• ‘That which was, is the foundation for what is now, which becomes the base for what is to come.’
      • ‘After completion, this will provide a firm base to push the Pattaya Sports Club into the new Millennium.’
      basis, bedrock, foundation, core, essence, essential, nitty-gritty, basics, starting point, key component, fundamental, root, roots, heart, backbone, theory, principle, rationale
      View synonyms
    2. 2.2with modifier A group of people regarded as supporting an organization, for example by buying its products.
      ‘a client base’
      • ‘And, how do we reformat and re-purpose output to encompass the rest of the user base?’
      • ‘That approach will be helpful to maintain sales balance, customer base and market share and performance.’
      • ‘Now the company's second act depends on how fast Micromarketing can diversify its client base.’
      • ‘Political instability has resulted from the inability of leaders to gain support outside their regional bases.’
      • ‘These initial supporters will be the base upon which you build the rest of your list.’
      • ‘The base, not even Dean supporters, but the base of the party turned on them like wolverines.’
      • ‘The top business leadership will have to look after its bases of support, having betrayed the political class and union leaders by supporting a junta that scarcely could have done worse when in power.’
      • ‘There is likely to be an existing customer base for the new product and therefore the risks are lower.’
      • ‘Ortega has won his loyal client base by offering a constantly updated range across his entire empire.’
      • ‘Of course, the Bibster system itself will continue its work. but this depends on the user base keeping it going.’
      • ‘ProStrategy has a number of existing customers in Britain and it will expand there by adding customers to its existing client base.’
      • ‘While this robs National of issues, it is making the party increasingly unpalatable to parts of its support base.’
      • ‘They'd be loosely aligned, run joint advertising campaigns, and pool their supporter base.’
      • ‘Both parties rest on narrow social bases and none of their candidates have substantial popular support.’
      • ‘Both parties rest on ever more narrow bases of popular support, and function openly as instruments of the financial aristocracy.’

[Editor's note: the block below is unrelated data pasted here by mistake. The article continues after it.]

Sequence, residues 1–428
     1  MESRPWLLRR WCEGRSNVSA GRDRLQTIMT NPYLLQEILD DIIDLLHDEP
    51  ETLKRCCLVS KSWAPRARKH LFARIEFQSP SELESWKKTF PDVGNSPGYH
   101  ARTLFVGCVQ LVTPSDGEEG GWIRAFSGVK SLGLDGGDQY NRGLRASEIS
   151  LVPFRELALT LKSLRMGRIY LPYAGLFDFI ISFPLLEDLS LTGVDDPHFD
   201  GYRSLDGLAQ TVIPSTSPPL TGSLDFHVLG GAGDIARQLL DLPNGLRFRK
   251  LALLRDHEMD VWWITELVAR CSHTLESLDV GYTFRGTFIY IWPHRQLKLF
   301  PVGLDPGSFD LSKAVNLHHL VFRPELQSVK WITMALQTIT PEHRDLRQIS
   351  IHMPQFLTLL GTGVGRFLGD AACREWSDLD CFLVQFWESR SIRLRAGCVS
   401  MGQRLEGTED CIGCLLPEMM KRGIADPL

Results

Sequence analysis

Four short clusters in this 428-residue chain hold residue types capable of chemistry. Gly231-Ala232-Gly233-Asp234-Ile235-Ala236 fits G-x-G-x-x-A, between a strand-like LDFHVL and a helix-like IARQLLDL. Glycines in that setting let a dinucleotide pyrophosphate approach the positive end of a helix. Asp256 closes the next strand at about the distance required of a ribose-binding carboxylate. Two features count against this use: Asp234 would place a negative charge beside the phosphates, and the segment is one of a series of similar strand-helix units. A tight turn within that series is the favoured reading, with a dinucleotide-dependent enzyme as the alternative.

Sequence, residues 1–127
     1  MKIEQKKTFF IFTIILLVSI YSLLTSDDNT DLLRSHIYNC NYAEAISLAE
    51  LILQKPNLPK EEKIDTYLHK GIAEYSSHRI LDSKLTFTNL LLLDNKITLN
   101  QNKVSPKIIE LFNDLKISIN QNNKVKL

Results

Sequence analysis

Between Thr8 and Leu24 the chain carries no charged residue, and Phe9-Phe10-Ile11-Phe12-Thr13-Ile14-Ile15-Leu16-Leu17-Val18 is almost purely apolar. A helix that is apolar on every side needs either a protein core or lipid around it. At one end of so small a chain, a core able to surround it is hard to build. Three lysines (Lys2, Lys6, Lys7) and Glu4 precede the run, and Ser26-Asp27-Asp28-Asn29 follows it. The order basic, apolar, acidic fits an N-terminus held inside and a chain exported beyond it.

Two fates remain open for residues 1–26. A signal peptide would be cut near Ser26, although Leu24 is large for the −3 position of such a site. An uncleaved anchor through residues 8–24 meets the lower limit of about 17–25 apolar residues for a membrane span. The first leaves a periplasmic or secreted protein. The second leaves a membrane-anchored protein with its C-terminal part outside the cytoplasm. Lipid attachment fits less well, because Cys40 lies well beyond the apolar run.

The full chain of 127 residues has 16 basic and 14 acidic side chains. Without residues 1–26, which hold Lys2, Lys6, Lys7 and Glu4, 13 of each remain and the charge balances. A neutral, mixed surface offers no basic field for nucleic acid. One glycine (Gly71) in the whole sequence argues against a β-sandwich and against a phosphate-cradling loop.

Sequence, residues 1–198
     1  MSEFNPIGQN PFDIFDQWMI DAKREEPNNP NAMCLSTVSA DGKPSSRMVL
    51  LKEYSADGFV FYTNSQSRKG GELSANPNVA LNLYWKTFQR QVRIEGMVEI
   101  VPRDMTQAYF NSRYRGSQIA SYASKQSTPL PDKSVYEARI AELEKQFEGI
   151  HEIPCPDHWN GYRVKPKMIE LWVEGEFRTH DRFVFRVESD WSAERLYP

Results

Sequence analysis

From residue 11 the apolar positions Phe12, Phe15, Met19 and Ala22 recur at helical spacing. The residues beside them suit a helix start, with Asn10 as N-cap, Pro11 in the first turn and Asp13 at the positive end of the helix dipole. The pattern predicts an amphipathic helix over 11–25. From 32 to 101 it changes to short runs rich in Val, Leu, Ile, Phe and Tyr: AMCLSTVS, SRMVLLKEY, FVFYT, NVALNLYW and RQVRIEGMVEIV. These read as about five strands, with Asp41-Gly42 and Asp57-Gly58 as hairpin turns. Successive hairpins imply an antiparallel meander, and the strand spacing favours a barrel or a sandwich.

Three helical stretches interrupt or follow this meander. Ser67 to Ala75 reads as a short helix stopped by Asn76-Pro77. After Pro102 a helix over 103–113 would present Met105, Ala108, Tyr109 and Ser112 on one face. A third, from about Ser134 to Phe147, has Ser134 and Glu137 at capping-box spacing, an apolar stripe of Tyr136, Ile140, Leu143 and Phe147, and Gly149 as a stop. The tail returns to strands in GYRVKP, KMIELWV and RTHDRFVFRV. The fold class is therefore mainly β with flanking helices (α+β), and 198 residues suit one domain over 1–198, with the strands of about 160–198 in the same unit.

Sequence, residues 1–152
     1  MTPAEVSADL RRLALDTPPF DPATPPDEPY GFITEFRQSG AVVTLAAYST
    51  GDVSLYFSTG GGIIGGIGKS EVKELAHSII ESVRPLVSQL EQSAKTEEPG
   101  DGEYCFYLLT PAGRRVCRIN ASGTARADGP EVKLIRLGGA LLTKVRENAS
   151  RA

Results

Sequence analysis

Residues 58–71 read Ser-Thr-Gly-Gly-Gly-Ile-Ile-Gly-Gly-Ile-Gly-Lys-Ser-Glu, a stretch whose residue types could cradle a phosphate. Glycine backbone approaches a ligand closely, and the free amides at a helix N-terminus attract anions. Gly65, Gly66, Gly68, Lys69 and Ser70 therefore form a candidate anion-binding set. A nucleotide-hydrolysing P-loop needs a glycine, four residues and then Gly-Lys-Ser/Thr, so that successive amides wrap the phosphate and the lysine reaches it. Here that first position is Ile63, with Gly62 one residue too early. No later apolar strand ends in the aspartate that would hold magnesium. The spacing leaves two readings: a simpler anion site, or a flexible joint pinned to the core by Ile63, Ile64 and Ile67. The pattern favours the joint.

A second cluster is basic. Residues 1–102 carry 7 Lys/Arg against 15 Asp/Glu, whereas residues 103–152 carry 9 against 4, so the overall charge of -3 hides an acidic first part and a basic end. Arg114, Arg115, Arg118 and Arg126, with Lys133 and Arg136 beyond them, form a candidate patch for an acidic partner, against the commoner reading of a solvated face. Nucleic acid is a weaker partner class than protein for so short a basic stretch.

• ‘Ten years ago the company had a customer base of only 45000 clients, with 2450 employees.’
      • ‘York City FC has never won a major trophy, never even played in the top League, and has a supporter base of no more than 4,000 stalwarts.’
      • ‘A deal would allow them to merge the private client customer bases of two of the second tier stockbrokers in the Irish market.’
      • ‘There is considerable overlap between the supporter base of both teams; picking out the away fans was an impossible task.’
      • ‘Only by whipping up fear and loathing of trade unions among the business community will these organizations get their client base.’
  • 3A place used as a center of operations by the armed forces or others; a headquarters.

    ‘the corporal headed back to base’
    ‘a base for shipping operations’
    • ‘Well, his firm had a base on the Old Kent Road under the name London Easylink, and its prime contract was route 185 from Lewisham.’
    • ‘He turned the turret to examine the rest of the base.’
    • ‘The firm has outgrown its base on Stricklandgate and needs extra space in order to expand and create more jobs.’
    • ‘After pulling up to the smooth blue band that marked the perimeter of the base, the rest of the unit limped into view.’
    • ‘Troops frequently spot suspicious figures just outside the base.’
    • ‘When they were far enough away from the base, they all rested and sat down.’
    • ‘He said the company had always had two move workers between the two bases depending on where the work was, but now circumstances dictated closure of the Scalloway workshop for the time being.’
    • ‘During World War II, Utah's population increased as the government developed military bases and supported wartime industries.’
    • ‘He stressed the successes not just of the aircrew but of the hundreds of Combat Support Group personnel supporting combatant forces at bases within and outside Australia.’
    • ‘Analysts have criticised Karzai for clumsy attempts to impose his will by sending in appointees to try to implement disarmament without necessary support bases, or central backup.’
    • ‘Unique geological, glaciological, and meteorological studies continue there from purpose-built bases around the edge of Antarctica or at the South Pole.’
    • ‘It was the only working lift in the building, seeing as it was underground like the rest of the base, so no one knew it existed apart from those in their sector.’
    • ‘We galloped to the base where the rest of the people were unloading the cargo.’